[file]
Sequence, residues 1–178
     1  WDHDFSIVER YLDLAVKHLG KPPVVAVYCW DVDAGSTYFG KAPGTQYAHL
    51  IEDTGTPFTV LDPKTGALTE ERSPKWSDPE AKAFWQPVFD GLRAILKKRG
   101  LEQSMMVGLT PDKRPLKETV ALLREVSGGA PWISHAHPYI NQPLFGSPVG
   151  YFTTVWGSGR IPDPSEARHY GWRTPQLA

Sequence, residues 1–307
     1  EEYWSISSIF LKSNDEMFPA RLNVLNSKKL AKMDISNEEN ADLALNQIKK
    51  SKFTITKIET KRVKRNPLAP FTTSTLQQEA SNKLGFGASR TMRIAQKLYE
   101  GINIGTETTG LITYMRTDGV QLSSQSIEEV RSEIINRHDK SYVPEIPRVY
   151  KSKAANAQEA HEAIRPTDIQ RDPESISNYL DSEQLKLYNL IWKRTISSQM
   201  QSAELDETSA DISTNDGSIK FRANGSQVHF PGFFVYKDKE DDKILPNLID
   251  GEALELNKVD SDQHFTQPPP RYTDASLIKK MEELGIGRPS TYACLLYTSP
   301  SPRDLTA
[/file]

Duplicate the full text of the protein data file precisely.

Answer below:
Sequence, residues 1–178
     1  WDHDFSIVER YLDLAVKHLG KPPVVAVYCW DVDAGSTYFG KAPGTQYAHL
    51  IEDTGTPFTV LDPKTGALTE ERSPKWSDPE AKAFWQPVFD GLRAILKKRG
   101  LEQSMMVGLT PDKRPLKETV ALLREVSGGA PWISHAHPYI NQPLFGSPVG
   151  YFTTVWGSGR IPDPSEARHY GWRTPQLA

Sequence, residues 1–307
     1  EEYWSISSIF LKSNDEMFPA RLNVLNSKKL AKMDISNEEN ADLALNQIKK
    51  SKFTITKIET KRVKRNPLAP FTTSTLQQEA SNKLGFGASR TMRIAQKLYE
   101  GINIGTETTG LITYMRTDGV QLSSQSIEEV RSEIINRHDK SYVPEIPRVY
   151  KSKAANAQEA HEAIRPTDIQ RDPESISNYL DSEQLKLYNL IWKRTISSQM
   201  QSAELDETSA DISTNDGSIK FRANGSQVHF PGFFVYKDKE DDKILPNLID
   251  GEALELNKVD SDQHFTQPPP RYTDASLIKK MEELGIGRPS TYACLLYTSP
   301  SPRDLTA